The headline across the Drudge Report on March 7 says it. “Trump Shakes World Order.” It seems that representatives of America’s allies – people who normally stay out of our election politics – are complaining behind closed doors about the Republican front runner. Several anonymous sources told Reuters that the fears and concerns are mostly expressed by mid to low level people working in the trenches and range from curiosity to outright alarm.
Mr. Trump’s comments at issue are for the most part those that are perceived to be protectionist, xenophobic and anti-muslim. (“Unfortunate” was the word Reuters used to describe Trump’s rhetoric.) According to the reporting, the hand wringing is coming from Asia, the Middle East, Europe, and Latin America. The only countries specifically named aside from the public comments already known are India, Japan, South Korea and Mexico.
(Pardon the writer for this pause while we reflect how many call centers, direct trade industries, and other economic effects the United States going the least bit protectionist will impose on the world. Hmmm. Cars, computers, tea, guest workers, drugs….)
U.S. officials said it was highly unusual for foreign diplomats to express concern, even privately, about candidates in the midst of a presidential campaign. U.S. allies in particular usually don’t want to be seen as meddling in domestic politics, mindful that they will have to work with whoever wins.
Senior leaders in several countries — including Britain, Mexico, France, and Canada — have already made public comments criticizing Trump’s positions. German Economy Minister Sigmar Gabriel branded him a threat to peace and prosperity in an interview published on Sunday.
What Donald Trump really is is a threat to the status quo. He wants to “Make America Great Again.” That resonates with the voters. It also translates into promising the people the return of jobs shipped overseas, higher tariffs on foreign goods, limiting immigration, and sealing off the southern border that is aiding and abetting Mexico in ways that most Americans despise. Such moves would not be enriching to other nations.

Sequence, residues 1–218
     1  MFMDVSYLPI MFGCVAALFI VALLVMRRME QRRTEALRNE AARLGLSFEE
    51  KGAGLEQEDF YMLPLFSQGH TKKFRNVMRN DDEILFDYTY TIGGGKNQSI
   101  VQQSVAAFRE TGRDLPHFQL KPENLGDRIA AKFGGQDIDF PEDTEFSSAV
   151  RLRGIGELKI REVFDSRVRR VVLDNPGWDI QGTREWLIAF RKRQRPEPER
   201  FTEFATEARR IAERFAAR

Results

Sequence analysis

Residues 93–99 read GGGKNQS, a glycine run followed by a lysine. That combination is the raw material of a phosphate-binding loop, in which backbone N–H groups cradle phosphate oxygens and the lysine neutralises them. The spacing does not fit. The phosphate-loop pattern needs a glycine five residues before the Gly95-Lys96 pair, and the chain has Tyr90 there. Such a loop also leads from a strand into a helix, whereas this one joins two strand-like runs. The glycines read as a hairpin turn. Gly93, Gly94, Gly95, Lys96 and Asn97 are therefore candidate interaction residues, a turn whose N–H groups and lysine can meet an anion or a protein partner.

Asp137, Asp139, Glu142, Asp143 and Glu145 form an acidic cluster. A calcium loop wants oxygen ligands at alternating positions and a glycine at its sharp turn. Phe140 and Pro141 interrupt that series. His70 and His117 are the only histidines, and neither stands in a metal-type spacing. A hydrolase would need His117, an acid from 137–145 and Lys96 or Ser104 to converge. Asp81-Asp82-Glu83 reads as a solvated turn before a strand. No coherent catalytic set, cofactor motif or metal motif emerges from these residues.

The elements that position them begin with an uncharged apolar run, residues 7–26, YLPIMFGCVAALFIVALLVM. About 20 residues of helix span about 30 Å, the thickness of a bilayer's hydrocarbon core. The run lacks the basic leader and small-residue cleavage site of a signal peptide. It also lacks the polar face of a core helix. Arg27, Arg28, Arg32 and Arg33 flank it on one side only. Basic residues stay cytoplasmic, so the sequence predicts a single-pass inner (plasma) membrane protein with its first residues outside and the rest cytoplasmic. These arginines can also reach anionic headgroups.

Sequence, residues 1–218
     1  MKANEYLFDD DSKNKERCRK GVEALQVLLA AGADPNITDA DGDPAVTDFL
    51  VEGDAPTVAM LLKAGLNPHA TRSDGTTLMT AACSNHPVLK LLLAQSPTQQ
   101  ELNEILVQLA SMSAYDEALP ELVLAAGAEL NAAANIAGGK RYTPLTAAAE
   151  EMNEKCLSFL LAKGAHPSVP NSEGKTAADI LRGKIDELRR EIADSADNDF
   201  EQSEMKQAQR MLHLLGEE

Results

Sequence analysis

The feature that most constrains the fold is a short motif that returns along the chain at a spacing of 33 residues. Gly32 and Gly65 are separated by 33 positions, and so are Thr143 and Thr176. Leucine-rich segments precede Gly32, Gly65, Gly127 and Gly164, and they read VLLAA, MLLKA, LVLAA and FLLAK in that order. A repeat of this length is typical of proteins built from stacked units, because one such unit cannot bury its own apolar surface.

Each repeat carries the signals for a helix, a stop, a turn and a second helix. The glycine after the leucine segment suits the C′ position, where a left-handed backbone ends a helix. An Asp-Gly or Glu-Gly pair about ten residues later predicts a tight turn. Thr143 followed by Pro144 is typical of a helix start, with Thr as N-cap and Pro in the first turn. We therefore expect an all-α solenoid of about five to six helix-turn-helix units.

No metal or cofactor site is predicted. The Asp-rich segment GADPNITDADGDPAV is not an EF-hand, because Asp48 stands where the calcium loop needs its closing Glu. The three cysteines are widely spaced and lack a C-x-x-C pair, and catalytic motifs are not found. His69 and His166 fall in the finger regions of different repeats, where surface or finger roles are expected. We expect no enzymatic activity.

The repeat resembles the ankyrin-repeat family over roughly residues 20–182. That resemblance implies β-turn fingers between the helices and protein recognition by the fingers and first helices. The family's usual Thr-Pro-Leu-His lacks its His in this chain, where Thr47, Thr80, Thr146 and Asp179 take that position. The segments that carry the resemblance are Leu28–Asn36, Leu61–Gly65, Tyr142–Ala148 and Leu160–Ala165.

One of the great fears expressed by many of the people sourced is the number of trade deals and treaties which took years to broker (many of which undermine national sovereignty for everyone. The prime example in recent memory being the Trans Pacific Partnership) being simply ripped up. The greater likelihood is for a push for renegotiation in order to shore up U.S. sovereignty, but even that isn’t desired by many factions on the international stage.
In addition to the world order being whacked by Trump, some of the most stalwart monetary supporters of the Republican Party, the Koch Brothers, have publicly announced that they will be sitting out the rest of the primary season.
“We have no plans to get involved in the primary,” said James Davis, spokesman for Freedom Partners, the Koch brothers’ political umbrella group. He would not elaborate on what the brothers’ strategy would be for the Nov. 8 election to succeed Democratic President Barack Obama.
Three sources close to the Kochs said the brothers made the decision because they were concerned that spending millions of dollars attacking Trump would be money wasted, since they had not yet seen any attack on Trump stick.
There was also mention that past candidates supported by David and Charles Koch, Mitt Romney and Newt Gingrich, did not do so well.
The Kochs, like the hedge fund managers who are backing Marco Rubio and Ted Cruz (two different people), do no want Donald Trump in the White House any more than the Europeans do. (They are rumored to be the most alarmed.) Too much is at stake for all of them with the concept of protectionism and the reality of tightened monetary policy on the horizon. The reality, though, is that the American people who aren’t invested in the establishment candidates are sick and tired of being sold out by the people who are supposed to represent them. That factoid hasn’t quite sunk in.